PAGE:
The edition of Windows 7 beta that we tested is the "Build 7100" version labelled as the release candidate that has been making the rounds and was apparently leaked earlier this week. The official release candidate of Windows 7 is due to be released to the public on 5 May.
To get these screenshots we installed Windows 7 both within a VMware virtual machine, to document Windows 7's install process, and on a Dell Optiplex 960.
Microsoft's fairly standard licensing window.
You can upgrade an earlier version of Windows or install a new copy of Windows 7; we chose the custom path.
Obviously stuff is happening in the background.
You can choose your user name and computer name.
The install process asks you for your product key, although you can bypass this step, which we did.
You have various options to set up your local network.
The basic desktop is quite similar to that of the beta of Windows 7, with a few tweaks such as a slight change in the graphic for the start button.
The expanded Start menu
The release candidate of Windows 7 includes an Australian theme with a number of Australianised wallpapers.
Another wallpaper featuring the Sydney Opera House and Circular Quay.
Australia's iconic bush
The Twelve Apostles off the Victorian Coast, along the Great Ocean Road.
Another stark rural Australian scene.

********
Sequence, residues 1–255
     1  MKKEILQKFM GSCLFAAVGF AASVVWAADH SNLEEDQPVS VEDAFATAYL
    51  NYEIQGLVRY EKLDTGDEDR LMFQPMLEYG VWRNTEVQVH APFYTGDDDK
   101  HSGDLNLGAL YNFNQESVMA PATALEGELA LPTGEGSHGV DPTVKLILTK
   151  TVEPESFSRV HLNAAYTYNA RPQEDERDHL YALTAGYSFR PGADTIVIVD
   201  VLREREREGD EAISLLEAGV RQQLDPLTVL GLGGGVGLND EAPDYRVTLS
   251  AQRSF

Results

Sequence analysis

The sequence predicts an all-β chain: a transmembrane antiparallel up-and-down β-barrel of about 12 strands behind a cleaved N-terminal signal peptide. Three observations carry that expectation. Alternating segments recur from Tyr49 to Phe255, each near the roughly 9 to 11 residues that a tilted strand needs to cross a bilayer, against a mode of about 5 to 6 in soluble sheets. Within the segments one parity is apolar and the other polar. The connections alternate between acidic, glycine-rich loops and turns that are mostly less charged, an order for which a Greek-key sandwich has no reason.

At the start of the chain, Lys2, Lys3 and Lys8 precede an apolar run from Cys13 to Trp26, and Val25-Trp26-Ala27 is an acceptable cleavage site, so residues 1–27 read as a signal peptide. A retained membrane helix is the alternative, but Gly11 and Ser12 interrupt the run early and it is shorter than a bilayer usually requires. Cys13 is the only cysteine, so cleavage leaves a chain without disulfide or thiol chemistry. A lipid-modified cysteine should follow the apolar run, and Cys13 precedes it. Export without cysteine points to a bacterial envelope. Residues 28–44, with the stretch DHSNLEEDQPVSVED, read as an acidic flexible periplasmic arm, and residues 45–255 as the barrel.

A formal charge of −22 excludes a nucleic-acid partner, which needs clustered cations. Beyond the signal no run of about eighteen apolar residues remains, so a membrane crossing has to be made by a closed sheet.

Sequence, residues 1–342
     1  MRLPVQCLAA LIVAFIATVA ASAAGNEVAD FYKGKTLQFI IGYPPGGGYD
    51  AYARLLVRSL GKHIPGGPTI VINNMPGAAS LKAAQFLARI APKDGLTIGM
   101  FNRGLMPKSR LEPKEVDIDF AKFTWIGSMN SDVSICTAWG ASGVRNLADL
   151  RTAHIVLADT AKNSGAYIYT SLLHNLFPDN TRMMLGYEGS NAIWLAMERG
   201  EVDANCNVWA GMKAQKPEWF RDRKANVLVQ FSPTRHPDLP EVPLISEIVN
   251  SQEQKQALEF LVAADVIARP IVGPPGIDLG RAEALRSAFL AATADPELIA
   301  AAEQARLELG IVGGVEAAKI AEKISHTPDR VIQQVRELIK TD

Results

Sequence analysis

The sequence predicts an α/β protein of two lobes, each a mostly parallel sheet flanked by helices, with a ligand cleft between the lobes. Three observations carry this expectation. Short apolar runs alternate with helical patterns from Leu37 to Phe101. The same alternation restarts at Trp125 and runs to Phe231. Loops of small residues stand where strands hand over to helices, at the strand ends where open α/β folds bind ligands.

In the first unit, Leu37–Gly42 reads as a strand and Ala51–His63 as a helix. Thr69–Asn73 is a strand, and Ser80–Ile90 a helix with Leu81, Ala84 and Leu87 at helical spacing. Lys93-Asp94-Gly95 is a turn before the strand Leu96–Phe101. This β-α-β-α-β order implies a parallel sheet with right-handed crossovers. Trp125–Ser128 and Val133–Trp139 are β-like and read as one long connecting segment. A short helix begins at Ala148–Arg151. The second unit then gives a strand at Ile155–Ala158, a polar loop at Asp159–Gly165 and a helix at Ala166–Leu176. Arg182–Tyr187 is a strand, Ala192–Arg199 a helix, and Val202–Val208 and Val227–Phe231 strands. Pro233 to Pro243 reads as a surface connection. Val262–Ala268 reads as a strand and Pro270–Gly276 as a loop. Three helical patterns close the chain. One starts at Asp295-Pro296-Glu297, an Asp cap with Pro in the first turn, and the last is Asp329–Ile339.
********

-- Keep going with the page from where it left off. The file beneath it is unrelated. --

We find Windows 7's Control Panel to be much faster and responsive than Vista's.
New in the Release Candidate: you can switch off more Windows features, including Internet Explorer and some of the media functionality.
Internet Explorer 8 is included
Windows Media Player is back; simple and elegant.
Even Solitaire looks to have received an upgrade, with a new, flashy shuffling animation.
Media Center functionality was included in the Ultimate copy of Windows 7 featured here.
A newer, better way of displaying devices attached to your computer, although you can still get to the old Device Manager if you dig around.
Some desktop gadgets Microsoft has included with Windows 7. You can pull news via RSS feeds, monitor the performance of your CPU and more.
Disk management is quite similar to Windows XP or Vista. This isn't an area that most computer users will get to, but this tool is useful when you're booting multiple operating systems or managing a lot of disks.
Device Manager functionality. Note that Windows 7 hasn't quite picked up all the drivers for our Dell Optiplex 960, although it is, of course, only a Release Candidate. We didn't install any drivers from Dell or elsewhere.
We found that we got more speed out of Vista from turning a lot of hidden Windows services off, especially the SuperFetch feature, but Windows 7 is already pretty speedy, even on older Pentium 4 hardware.
The Action Center is now a unified centre where Windows will alert you to security problems, available updates and more; best of all, you can turn off most of the annoying alerts if you're a power user.
Windows 7 has a vast amount of in-depth security controls for administrators.